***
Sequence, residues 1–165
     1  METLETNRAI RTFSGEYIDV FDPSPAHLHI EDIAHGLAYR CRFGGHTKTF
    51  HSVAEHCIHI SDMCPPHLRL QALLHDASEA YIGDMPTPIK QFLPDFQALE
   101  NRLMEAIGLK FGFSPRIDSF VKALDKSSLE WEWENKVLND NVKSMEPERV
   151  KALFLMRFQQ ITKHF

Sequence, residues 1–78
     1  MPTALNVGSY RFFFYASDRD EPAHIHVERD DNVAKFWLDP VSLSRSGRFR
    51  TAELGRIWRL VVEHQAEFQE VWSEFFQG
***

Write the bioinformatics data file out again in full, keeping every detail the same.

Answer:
Sequence, residues 1–165
     1  METLETNRAI RTFSGEYIDV FDPSPAHLHI EDIAHGLAYR CRFGGHTKTF
    51  HSVAEHCIHI SDMCPPHLRL QALLHDASEA YIGDMPTPIK QFLPDFQALE
   101  NRLMEAIGLK FGFSPRIDSF VKALDKSSLE WEWENKVLND NVKSMEPERV
   151  KALFLMRFQQ ITKHF

Sequence, residues 1–78
     1  MPTALNVGSY RFFFYASDRD EPAHIHVERD DNVAKFWLDP VSLSRSGRFR
    51  TAELGRIWRL VVEHQAEFQE VWSEFFQG